Synopsis by Janiss Garza
In spite of many attempts to bring Will Rogers superstardom in silent films (he was already one on Broadway), it wasn't until sound came in that he found his niche. Here, he and director Clarence G. Badger flounder as they try for pathos a la Charles Chaplin's The Kid. Rogers plays Noah Vale, a penniless inventor who is struggling along trying to support himself and a pair of cute orphans. He toils night and day on an invention that he hopes will make him enough money so that he will be worthy of Miss Fay (Sylvia Breamer, who is wasted here), the daughter of a wealthy man (George Williams). Vale has a relative who's well off, but won't have anything to do with him or his invention; the machine, however, is stolen by the relative's partner. It turns out that the invention is utterly worthless, but Vale winds up ahead anyhow -- he has a few stories, and his relation's secretary markets them. Thus Vale and the kids still manage to become financially solvent.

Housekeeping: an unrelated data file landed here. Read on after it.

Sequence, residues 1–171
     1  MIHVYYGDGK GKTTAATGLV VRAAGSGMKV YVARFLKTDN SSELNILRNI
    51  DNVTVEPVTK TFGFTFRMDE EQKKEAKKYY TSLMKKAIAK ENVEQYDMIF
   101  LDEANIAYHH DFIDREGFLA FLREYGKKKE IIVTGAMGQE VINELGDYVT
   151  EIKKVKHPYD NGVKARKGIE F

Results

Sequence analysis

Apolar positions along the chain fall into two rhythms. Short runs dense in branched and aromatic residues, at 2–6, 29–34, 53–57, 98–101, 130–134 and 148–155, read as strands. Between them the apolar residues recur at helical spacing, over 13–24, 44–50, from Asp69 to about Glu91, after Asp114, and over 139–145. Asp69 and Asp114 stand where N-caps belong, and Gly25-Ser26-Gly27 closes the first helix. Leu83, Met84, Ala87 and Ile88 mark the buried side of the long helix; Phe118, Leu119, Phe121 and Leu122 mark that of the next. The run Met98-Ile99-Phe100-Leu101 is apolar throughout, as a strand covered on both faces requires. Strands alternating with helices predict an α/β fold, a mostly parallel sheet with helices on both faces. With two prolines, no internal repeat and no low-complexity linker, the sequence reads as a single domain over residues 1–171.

con/scam, inventor, love, poverty, romance